Gordon Forum for the Arts


Spring 2012

KDAF Fiddle Competition


Gordon winners in the Kincardine and Deeside Arts Forum Competition

For aspiring young string players in the North-East, the annual Kincardine and Deeside Arts Forum Fiddle Competition is a major event. It began in 2009 and attracts good violinists or Scots fiddle players who are resident in the area and are under 25.

The most recent competition was held in November in Woodend Barn and featured 16 young artists; six were chosen to play in the final event. Both classical and traditional styles of fiddle music were represented, and this ensured that the 80-strong audience heard an interesting range of music. The judges were Paul Anderson (traditional fiddler), Alan John (classical violinist) and Mark Hope (chair of KDAF).

Kirsty Lovie

The winner was Kirsty Lovie who hails from the Huntly area. Kirsty attended the Aberdeen City Music School at Dyce and is now a student at the Royal Academy of Music in London. Her programme was classical — Bach D minor Sarabanda from the Second Partita for Violin, and Mendelssohn Violin Concerto, 1st movement. All the judges considered her to be a worthy winner.

What makes this competition particularly special is that a local violin maker, Ian Grieg, has gifted Kirsty one of his handmade violins. This is a tradition that started in 2009. Ian had received a grant from the Kincardine and Deeside Arts Forum to study the craft of violin making, and thereafter wished to donate one of his special instruments, with a value of £3000, to a young player who may not have the means to acquire such a violin. Indeed it was because of Ian's generous offer that the idea of a Fiddle Competition was established.

That evening an unexpected Second Prize was also awarded by the judges. Kincardine and Deeside Arts Forum decided to offer £100 as a prize to a runner up and it went to another Gordon resident, George Davidson of Tarves. His programme was an interesting mix of classical and traditional styles, ranging from Vivaldi to James Scott Skinner and traditional "Breakdown" music of Canada.

A final accolade was given to all the finalists by Stewart Aitken, director of Aberdeen International Youth Festival. He has offered to give each of these young players a showcase within the Up Close and Musical (chamber music) series of concerts in this year's festival in August.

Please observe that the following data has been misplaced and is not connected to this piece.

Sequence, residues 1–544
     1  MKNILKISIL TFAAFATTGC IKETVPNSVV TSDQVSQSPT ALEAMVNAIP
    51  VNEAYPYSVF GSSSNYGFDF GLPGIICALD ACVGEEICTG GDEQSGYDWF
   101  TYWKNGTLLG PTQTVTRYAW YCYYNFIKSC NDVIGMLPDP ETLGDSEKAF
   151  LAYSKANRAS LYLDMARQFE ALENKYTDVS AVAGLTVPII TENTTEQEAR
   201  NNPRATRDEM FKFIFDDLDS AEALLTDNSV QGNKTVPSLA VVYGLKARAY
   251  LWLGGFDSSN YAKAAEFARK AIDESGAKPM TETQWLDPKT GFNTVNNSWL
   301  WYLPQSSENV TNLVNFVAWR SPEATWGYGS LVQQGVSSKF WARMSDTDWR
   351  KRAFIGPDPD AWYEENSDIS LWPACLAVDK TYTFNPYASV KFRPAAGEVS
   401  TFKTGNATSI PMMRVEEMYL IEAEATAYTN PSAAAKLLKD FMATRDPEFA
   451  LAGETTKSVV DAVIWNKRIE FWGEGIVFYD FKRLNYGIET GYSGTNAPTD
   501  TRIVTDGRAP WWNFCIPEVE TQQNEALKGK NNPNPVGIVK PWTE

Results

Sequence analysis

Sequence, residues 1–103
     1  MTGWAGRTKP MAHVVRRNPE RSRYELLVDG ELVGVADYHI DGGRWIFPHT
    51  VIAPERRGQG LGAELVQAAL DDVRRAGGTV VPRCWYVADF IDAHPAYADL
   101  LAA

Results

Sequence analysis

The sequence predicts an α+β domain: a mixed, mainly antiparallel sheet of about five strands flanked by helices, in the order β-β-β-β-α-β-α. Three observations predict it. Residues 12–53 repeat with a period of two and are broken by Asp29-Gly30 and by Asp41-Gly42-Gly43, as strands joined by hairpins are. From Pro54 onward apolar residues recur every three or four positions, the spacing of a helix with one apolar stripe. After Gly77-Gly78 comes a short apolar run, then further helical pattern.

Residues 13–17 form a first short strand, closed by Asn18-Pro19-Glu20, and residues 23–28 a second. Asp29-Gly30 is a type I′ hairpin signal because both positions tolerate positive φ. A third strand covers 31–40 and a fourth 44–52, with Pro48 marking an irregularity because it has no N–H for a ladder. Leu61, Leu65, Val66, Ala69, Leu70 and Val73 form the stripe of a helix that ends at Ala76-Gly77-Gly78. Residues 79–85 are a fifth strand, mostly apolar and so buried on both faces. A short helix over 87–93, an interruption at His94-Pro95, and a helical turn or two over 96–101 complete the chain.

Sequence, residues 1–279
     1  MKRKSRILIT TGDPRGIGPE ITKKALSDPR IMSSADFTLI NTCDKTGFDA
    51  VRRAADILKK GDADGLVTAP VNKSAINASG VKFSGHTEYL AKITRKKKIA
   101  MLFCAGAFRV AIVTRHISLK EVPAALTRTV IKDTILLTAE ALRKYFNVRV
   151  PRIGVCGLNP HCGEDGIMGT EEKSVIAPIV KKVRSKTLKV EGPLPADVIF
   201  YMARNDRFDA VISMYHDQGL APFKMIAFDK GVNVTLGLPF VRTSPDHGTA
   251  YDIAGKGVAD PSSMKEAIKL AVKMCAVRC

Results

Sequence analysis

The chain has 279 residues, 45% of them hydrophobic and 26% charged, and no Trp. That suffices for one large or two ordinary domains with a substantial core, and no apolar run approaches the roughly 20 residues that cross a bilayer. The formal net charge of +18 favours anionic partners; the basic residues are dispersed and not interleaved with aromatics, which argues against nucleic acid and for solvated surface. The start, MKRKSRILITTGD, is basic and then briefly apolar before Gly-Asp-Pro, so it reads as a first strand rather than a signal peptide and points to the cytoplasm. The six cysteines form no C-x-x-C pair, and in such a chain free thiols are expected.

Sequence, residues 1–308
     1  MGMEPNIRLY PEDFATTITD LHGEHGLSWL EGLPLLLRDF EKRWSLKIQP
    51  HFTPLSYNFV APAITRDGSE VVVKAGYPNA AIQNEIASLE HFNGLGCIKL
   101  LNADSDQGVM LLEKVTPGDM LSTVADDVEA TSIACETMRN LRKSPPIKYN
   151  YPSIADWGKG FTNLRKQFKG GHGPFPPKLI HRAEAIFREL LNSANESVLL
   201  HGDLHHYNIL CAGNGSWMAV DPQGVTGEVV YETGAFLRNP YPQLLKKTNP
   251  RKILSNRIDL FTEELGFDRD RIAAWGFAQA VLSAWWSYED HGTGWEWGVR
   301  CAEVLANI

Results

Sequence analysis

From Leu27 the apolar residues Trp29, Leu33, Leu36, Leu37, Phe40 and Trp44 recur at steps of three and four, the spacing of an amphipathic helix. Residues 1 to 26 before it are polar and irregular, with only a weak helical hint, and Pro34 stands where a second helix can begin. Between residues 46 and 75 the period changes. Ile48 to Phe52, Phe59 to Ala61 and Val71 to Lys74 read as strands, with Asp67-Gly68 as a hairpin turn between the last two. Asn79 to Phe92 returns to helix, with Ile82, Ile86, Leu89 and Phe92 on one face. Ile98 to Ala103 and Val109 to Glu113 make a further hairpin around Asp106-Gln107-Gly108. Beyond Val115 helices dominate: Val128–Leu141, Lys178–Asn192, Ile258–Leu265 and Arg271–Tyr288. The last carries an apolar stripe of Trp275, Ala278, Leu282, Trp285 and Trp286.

You can read more about Kirsty and George below.

Margaret Hearne

Kirsty Lovie

Kirsty Lovie writes...

I entered the competition because the chances to compete for such a prestigious prize are indeed few and far between! It was also an opportunity to perform back in my home area, and for my elderly grandparents to hear me play as they could never travel to London, so the performance was a special occasion for me and for them.

The final itself was a great event. All 6 finalists played a wide and varied programme and I'd say it was a great evening of music making. The atmosphere backstage was surprisingly very relaxed and everyone was supportive of each other.

I chose to play the 1st movement of the Mendelssohn Violin Concerto because firstly it is a super piece of music to play and to listen to. It also demonstrated my technical abilities as well as my musical abilities, which is one of the reasons why it is such a popular piece to perform. The other piece I played was the Sarabanda from the D minor Second Partita by J. S. Bach. I chose this because it is a great contrast to the Mendelssohn as it is very relaxing and satisfying to play and hear. It's also a piece that I have been maturing for some time now.

Winning the violin was just amazing! I'm very grateful to the KDAF, and of course to Ian Greig for donating such a fantastic prize. Next year I will perform at 3 concerts to showcase the violin and will be contacting various arts organisations such as KDAF and Gordon Forum for the Arts for guidance and advice on possible venues. In the summer I will be playing it in the Aberdeen International Youth Festival at a lunchtime or evening recital, and also in Autumn will give a recital at the Woodend Barn. This is all very exciting!

I'm now in my second year at the Royal Academy of Music where I study with Richard Deakin.

George Davidson

Carolyn Davidson writes...

George is 15 and been playing since he was 9. He attends Meldrum Academy and he has been getting violin lessons at school since he started. He has progressed to Grade 7 with his teacher Karen Harper and he also gets lessons from Paul Anderson for the traditional style which he enjoys greatly. He regularly competes in all the Junior Fiddle competitions in Scotland and has had numerous wins.

The KDAF competition — George says it was a great experience playing against older, more experienced players with different styles and getting runner up was a pleasant surprise considering the standard and wide range of ages of the competitors.

For more information on Ian Greig's violins see: www.iangreigviolins.com

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